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Sunday, April 21, 2024

‘Kenshi’ is a fantastic post-apocalyptic video game, you need to play it

If you are a fan of open-world, open-ended adventures rich with implicit worldbuilding and storytelling, then you’ll find yourself immersed in the world of “Kenshi”.

Writing this review was a struggle. On the one hand, I have a longstanding love-hate relationship with “Kenshi”; on the other hand, “Kenshi” is a game that cannot be properly summarized with mere words, but I will try my best. 

The game was made by people who asked, “Hey, wouldn’t it be cool if you were a katana-wielding robot on a post-apocalyptic planet and you could build yourself a castle and conquer the world?” “Kenshi” is many things — it is a real-time strategy fortress builder; it is a squad-based adventure game; it is a post-post-apocalyptic role-playing game, and yet it is somehow more than the sum of these parts. If any game is a prime example of video games as an art form, it is “Kenshi.” The breathtaking environment, immersive worldbuilding and hundreds of hours of content without even having quests, a story or a discernible endgame is a massive feat.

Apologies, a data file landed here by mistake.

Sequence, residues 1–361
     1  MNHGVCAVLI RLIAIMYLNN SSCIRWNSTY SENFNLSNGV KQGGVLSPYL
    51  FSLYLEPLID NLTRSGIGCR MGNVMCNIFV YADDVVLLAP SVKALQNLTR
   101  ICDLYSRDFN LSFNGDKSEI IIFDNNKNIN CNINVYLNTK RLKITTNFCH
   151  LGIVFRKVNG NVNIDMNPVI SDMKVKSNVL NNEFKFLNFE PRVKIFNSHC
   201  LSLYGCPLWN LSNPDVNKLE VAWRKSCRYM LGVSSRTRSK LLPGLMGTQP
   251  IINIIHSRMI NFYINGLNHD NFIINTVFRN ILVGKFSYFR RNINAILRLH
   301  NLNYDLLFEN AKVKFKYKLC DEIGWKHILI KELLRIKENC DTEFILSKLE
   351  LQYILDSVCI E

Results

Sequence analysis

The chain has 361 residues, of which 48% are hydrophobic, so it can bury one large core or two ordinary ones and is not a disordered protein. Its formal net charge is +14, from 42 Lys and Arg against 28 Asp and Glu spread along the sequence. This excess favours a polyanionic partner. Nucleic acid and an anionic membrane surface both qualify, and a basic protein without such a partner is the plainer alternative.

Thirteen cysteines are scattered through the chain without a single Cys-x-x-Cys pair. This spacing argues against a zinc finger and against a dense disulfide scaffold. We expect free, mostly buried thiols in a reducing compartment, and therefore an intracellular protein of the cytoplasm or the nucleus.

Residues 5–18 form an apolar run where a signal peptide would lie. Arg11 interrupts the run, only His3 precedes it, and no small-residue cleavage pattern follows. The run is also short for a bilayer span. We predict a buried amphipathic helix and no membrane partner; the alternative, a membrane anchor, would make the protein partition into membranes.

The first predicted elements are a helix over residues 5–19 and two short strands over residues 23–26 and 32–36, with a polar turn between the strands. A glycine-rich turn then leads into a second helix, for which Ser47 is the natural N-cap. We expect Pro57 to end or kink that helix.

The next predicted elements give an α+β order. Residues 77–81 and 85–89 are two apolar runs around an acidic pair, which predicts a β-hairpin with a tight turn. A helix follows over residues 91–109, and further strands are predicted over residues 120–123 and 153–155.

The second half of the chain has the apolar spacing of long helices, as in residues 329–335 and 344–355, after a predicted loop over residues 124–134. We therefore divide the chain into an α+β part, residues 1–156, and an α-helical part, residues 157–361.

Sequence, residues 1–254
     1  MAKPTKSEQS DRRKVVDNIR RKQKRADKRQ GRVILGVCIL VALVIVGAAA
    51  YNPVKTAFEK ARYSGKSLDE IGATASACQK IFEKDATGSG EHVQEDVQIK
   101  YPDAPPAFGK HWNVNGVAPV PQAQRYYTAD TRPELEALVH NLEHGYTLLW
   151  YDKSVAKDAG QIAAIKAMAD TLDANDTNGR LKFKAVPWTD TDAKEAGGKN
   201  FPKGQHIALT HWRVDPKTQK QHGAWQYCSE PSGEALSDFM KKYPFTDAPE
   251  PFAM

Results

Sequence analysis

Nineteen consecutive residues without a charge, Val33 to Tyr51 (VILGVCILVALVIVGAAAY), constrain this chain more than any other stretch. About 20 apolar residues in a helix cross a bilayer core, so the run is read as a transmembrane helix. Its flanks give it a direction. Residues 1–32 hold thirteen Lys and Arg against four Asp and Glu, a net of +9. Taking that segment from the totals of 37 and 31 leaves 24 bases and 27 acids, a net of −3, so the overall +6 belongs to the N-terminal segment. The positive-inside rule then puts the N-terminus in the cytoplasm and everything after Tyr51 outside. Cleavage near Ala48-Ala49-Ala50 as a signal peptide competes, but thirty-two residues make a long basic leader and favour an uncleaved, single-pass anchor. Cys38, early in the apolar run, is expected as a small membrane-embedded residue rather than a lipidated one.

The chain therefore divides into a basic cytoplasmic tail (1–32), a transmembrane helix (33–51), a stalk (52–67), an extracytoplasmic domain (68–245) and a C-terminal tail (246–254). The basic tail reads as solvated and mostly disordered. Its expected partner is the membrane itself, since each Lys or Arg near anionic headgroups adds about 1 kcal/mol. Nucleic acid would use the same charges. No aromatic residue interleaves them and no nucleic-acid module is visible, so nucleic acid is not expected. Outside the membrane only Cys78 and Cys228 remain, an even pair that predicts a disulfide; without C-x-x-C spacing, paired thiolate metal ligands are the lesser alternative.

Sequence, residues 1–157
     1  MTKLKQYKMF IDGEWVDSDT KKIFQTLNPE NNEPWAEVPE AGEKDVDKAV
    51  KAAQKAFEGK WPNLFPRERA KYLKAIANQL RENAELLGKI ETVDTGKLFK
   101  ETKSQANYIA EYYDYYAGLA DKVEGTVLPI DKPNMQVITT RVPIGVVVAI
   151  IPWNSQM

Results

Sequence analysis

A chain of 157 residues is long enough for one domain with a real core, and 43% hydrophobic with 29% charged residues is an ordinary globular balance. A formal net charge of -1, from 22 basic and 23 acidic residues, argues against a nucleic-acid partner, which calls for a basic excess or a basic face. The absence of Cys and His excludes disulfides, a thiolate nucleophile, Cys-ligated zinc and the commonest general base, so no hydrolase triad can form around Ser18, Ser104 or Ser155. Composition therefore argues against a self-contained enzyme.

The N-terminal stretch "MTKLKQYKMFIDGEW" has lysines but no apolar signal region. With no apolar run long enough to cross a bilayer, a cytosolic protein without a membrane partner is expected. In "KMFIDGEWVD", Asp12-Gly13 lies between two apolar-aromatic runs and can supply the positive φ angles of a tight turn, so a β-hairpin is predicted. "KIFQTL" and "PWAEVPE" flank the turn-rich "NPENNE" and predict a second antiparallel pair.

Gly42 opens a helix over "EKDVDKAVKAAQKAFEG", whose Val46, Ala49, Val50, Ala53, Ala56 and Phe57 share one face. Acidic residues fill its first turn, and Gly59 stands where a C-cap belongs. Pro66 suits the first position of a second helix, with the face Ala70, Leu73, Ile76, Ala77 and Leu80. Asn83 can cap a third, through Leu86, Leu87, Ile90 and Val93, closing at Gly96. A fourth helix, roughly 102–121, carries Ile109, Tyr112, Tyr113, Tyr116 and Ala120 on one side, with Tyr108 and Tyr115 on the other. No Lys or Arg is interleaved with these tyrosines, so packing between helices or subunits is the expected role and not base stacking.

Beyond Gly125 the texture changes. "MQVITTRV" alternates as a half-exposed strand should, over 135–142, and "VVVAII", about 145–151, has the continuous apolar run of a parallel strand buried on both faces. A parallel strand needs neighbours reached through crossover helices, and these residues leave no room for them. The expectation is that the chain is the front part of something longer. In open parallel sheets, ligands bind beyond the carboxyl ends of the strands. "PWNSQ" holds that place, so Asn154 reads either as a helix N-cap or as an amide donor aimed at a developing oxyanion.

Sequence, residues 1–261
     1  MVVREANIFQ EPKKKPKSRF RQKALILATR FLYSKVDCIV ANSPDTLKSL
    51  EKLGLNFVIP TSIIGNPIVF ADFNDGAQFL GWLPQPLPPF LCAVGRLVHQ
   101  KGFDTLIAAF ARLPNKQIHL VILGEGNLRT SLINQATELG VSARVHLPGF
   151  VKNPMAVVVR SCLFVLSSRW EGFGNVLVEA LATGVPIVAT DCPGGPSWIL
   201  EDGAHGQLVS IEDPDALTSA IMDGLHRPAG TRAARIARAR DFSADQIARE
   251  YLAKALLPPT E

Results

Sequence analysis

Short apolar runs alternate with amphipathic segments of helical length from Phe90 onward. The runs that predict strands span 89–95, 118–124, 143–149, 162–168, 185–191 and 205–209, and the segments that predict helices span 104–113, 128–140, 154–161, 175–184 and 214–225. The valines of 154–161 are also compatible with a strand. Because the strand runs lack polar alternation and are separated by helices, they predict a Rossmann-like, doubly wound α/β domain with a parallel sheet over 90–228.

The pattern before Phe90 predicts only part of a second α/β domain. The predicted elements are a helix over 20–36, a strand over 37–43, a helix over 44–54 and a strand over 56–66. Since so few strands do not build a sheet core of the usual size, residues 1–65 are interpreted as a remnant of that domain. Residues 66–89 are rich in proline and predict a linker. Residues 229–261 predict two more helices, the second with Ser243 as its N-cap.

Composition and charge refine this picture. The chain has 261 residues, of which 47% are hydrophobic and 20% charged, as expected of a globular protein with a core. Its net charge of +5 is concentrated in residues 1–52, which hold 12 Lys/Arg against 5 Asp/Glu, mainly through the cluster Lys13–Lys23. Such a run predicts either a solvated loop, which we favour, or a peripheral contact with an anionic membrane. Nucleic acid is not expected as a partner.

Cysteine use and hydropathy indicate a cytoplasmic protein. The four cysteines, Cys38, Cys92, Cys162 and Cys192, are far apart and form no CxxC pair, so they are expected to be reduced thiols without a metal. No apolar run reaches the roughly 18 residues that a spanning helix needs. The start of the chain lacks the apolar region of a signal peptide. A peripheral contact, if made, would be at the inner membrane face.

I can’t write about the story because there is no story. “Kenshi” gives you no quests and no objectives, and the few tutorials you get are all about gameplay mechanics. The closest thing that “Kenshi” has to quests are optional bounties that you can capture and turn in for a reward. That’s really it. For the vast majority of the game, it is entirely up to you, the player, to decide what to do and how to do it.

And that’s a lot of things. You can create a small, thriving town to grow food and produce goods to sell in the market. You can play as an assassin or thief who makes their living by sneaking around, stealing and fencing goods. You can play as a merchant who travels city-to-city buying and selling goods. You can play as a small band of warriors who train to be the best warriors in the entire world. You can play as a drug runner, a scavenger, a hunter — if you can think it, you can play it in “Kenshi.”

A complex-yet-intuitive faction system only adds to the amount of ways you can play. You can join the Shek Kingdom, a race of warrior-folk who just go around fighting each other. Another option, the Holy Nation, is a group of racist, misogynistic cultists who don’t ever seem to shut up or stop trying to evangelize you — you know … incels. The United Cities are a collection of slave mongering samurai who are ruled by a few wealthy elite. These three kingdoms are locked in a state of war, allowing you to ally yourself to or make enemies with any of them.

These factions are all opposed by other minor factions that you can also ally yourself with. The Shek Kingdom contains a smaller group of Shek who believe that constant war will inevitably be self destructive. The Holy Nation is juxtaposed by a cohort of radical feminist ninja warriors who oppose the Holy Nation’s racist, sexist theocracy. Lastly, the United Cities are opposed by militant, anti-slavery abolitionists who hate the wealthy slaveholders that run the United Cities.